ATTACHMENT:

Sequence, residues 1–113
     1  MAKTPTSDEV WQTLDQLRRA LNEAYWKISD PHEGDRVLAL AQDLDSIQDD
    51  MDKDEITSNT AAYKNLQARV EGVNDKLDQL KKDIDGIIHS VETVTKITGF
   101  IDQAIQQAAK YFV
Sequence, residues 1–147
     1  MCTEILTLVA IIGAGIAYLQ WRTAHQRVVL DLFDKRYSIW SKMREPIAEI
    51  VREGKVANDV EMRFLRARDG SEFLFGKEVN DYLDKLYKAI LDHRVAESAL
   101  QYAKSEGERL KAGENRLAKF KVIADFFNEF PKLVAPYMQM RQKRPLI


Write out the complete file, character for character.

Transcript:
Sequence, residues 1–113
     1  MAKTPTSDEV WQTLDQLRRA LNEAYWKISD PHEGDRVLAL AQDLDSIQDD
    51  MDKDEITSNT AAYKNLQARV EGVNDKLDQL KKDIDGIIHS VETVTKITGF
   101  IDQAIQQAAK YFV
Sequence, residues 1–147
     1  MCTEILTLVA IIGAGIAYLQ WRTAHQRVVL DLFDKRYSIW SKMREPIAEI
    51  VREGKVANDV EMRFLRARDG SEFLFGKEVN DYLDKLYKAI LDHRVAESAL
   101  QYAKSEGERL KAGENRLAKF KVIADFFNEF PKLVAPYMQM RQKRPLI